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Re: How to search the Stanford Archive

Post by Eärendil » Fri May 02, 2008 6:32 am

Pilgrim wrote:
theMoMA wrote:You can also search for text within documents within certain folders, if you have a large archive of .docs and .rtfs. In older versions of Windows, you need to go to Advanced Search Options, but in Vista it automatically searches text within documents.
I suggest downloading Google Desktop Search. It's approximately 1000 times faster than Windows' built-in search.
If you've got a Mac running Tiger or Leopard, Spotlight does this as well, though the command line tool mdfind gives you a bit more power over the search.
Deesy Does It wrote:Well, considering that the Stanford Archive has yet to upload this year's Stanford Cardinal Classic despite saying they submitted it months ago, I'm not holding my breath for whoever manages that part of their site to remedy that.
Yeah, about that... Currently, all packets get sent to Eric Smith, who's in charge of posting them to the archive. The problem with this set up is that it only gets updated whenever Eric gets to it, which clearly hasn't been much time in the past two months. Only two other people have webmaster priviliges, Jason Ma and myself, but only very recently has Eric allowed us to post packets. He says he'll forward us some stuff packets he's received so we can post them ourselves, so I imagine things will be better maintained. For my own part, I've only just figured out how to update the Archive, so the Cardinal Classic set has been posted. There isn't a link (yet) on the main page, but here's a direct URL: http://quizbowl.stanford.edu/archive/CCXVII/
Ryan Westbrook wrote:Ideally, what you should do is just get a comprehensive collection of packets on your hard drive and search that (whether by Google Desktop or other method) - easier said than done, sure. It'd be perfectly easy if/when anyone ever gets a reasonably comprehensive collection of, let's say, all good post-2003 packets up in one spot.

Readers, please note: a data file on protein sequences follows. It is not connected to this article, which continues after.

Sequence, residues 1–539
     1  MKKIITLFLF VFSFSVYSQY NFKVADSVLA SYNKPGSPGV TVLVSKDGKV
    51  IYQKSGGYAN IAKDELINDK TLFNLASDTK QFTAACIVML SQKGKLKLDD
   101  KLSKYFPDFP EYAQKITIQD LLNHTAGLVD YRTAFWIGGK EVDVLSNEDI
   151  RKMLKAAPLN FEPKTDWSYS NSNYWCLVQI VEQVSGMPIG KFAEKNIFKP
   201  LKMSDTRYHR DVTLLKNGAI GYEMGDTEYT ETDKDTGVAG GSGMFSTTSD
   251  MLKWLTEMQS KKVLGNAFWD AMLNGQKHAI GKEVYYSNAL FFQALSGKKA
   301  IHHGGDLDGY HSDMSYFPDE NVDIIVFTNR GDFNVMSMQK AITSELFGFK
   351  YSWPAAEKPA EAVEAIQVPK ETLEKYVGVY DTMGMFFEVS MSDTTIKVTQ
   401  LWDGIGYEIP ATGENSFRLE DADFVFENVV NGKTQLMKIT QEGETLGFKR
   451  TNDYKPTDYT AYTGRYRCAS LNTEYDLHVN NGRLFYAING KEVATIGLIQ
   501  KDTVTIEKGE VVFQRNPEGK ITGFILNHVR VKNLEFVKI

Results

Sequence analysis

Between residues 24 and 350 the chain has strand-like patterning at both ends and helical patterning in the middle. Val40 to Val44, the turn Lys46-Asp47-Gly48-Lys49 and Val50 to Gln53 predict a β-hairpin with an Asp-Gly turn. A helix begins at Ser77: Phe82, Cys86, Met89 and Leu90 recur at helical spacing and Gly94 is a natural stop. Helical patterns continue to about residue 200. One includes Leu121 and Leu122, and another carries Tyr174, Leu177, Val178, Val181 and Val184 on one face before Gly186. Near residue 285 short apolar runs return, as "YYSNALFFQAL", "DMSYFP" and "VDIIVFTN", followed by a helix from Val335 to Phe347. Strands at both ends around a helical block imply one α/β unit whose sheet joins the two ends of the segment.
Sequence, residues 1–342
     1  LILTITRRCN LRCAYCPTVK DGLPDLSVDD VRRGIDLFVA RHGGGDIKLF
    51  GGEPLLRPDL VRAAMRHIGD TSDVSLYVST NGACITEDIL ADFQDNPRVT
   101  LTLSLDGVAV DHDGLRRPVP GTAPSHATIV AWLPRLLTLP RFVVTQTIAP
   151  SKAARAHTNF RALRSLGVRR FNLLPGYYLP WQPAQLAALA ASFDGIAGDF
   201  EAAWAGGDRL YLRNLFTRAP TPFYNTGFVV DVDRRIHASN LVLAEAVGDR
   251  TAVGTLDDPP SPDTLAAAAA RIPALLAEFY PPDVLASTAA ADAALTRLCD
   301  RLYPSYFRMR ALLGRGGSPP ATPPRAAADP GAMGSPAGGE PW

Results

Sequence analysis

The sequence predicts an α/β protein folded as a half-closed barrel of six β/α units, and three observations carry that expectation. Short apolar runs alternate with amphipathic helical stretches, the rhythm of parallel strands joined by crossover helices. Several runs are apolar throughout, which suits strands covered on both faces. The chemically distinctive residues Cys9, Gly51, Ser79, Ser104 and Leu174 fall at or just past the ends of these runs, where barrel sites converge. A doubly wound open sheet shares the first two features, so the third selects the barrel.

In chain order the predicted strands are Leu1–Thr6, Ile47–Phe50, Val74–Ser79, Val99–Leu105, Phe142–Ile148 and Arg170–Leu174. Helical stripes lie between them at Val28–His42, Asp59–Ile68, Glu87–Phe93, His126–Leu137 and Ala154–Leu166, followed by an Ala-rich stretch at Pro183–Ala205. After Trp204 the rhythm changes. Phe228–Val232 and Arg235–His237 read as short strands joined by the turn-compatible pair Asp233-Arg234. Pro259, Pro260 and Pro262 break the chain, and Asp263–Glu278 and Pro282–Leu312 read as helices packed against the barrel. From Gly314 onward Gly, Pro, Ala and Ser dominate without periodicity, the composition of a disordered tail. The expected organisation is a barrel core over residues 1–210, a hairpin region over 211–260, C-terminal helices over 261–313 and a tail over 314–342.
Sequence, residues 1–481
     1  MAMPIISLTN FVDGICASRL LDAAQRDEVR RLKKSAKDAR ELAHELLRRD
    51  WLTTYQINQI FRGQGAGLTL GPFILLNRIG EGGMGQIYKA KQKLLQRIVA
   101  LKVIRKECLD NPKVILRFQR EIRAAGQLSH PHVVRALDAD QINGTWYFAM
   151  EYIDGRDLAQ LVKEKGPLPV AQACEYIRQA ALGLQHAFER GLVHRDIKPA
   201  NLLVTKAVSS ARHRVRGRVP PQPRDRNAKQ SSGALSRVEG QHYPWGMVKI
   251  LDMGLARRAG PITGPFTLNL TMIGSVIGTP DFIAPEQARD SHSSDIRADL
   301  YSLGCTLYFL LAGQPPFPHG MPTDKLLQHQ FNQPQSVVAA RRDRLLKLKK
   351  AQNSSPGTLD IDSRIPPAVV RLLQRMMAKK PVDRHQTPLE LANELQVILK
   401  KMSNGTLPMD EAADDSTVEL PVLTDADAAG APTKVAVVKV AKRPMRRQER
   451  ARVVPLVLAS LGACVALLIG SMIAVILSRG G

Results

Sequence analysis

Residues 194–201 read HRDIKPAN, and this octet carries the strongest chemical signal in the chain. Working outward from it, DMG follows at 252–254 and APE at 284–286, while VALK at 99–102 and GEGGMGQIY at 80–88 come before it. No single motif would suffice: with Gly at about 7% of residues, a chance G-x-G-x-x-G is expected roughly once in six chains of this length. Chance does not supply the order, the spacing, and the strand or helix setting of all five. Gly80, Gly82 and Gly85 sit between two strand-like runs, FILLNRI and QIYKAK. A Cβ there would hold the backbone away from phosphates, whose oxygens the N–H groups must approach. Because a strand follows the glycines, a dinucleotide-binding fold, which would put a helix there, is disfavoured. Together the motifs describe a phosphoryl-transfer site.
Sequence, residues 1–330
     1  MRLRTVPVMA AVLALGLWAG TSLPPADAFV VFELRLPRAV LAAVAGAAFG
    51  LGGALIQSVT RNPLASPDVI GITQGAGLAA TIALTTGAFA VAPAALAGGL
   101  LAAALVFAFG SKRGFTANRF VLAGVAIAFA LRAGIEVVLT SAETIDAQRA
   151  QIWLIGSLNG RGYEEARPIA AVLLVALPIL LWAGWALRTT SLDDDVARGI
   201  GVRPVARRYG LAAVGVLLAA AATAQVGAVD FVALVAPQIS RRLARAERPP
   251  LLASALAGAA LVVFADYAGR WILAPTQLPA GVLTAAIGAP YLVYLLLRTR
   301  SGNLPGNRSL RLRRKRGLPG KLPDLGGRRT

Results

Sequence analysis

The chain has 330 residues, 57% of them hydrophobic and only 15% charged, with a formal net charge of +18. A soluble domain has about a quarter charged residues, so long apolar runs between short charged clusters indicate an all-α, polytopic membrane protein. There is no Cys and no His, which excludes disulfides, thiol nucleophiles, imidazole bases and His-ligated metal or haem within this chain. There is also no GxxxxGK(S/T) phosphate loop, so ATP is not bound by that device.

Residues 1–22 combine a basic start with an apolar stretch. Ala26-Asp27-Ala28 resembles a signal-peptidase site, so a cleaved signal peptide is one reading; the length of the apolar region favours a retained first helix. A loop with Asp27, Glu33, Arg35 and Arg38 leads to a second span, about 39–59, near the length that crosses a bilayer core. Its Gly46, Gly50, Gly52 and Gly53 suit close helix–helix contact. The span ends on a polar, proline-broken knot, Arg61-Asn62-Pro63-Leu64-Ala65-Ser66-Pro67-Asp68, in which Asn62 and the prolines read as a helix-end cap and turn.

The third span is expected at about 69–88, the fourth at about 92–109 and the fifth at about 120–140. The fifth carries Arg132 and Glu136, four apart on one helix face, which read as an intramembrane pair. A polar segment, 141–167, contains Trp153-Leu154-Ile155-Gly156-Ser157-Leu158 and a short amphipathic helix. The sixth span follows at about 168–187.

Seconded. Jason and I are working on new ways to tackle packet archiving. Jason's currently testing a new user interface for the Stanford Archive that easily allows you to browse by year, and I'm starting to work on a question database similar to what Jerry's been doing. Having your own archive offline is probably the best solution for now, though. Comes in handy for long plane rides to Boston or something.
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Re: How to search the Stanford Archive

Post by BuzzerZen » Fri May 02, 2008 11:34 am

Or, if you're really cool, convert all your Word Docs to plain text using antiword, then grep them (or ack them or rak them).
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Re: How to search the Stanford Archive

Post by ezubaric » Fri May 02, 2008 1:43 pm

BuzzerZen wrote:Or, if you're really cool, convert all your Word Docs to plain text using antiword, then grep them (or ack them or rak them).
Well, we could move away from proprietary, closed formats and have machine readable formatting that would allow for easy, instantaneous shuffling, searching, categorization, and the like. Jerry's question database would no longer require human preprocessing, stats could be correlated with specific questions easily, etc.
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Re: How to search the Stanford Archive

Post by Mr. Kwalter » Fri May 02, 2008 2:45 pm

Another good thing to search would be goodpackets.zip, which I think you can get at http://www.hsquizbowl.org/goodpackets.zip. Most of the search methods described here would allow you to search that particular archive once you've unzipped it. Additionally, if you're thinking of a certain tournament but can't seem to find it, several of us have very comprehensive packet archives, and you are certainly welcome to email me and ask whether I've got that particular set. If I do, I'll be happy to share it.
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Re: How to search the Stanford Archive

Post by grapesmoker » Sat May 03, 2008 3:12 pm

ezubaric wrote:
BuzzerZen wrote:Or, if you're really cool, convert all your Word Docs to plain text using antiword, then grep them (or ack them or rak them).
Well, we could move away from proprietary, closed formats and have machine readable formatting that would allow for easy, instantaneous shuffling, searching, categorization, and the like. Jerry's question database would no longer require human preprocessing, stats could be correlated with specific questions easily, etc.
While there's nothing I'd like to see more than every packet submitted in properly formatted plain text, I do understand that people like Jordan, Evan, and myself are in the minority when it comes to this issue. Therefore, I'll just reiterate my plea to format your packets properly as per the ACF guidelines. This makes it easier on all of us.
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Re: How to search the Stanford Archive

Post by ezubaric » Sat May 03, 2008 8:47 pm

grapesmoker wrote:I do understand that people like Jordan, Evan, and myself are in the minority when it comes to this issue. Therefore, I'll just reiterate my plea to format your packets properly as per the ACF guidelines. This makes it easier on all of us.
True, true. I'm just hoping that if I hop on the soapbox every time somebody says "why can't we do X" that is the fault of using hard to parse formats, maybe alternatives will catch on.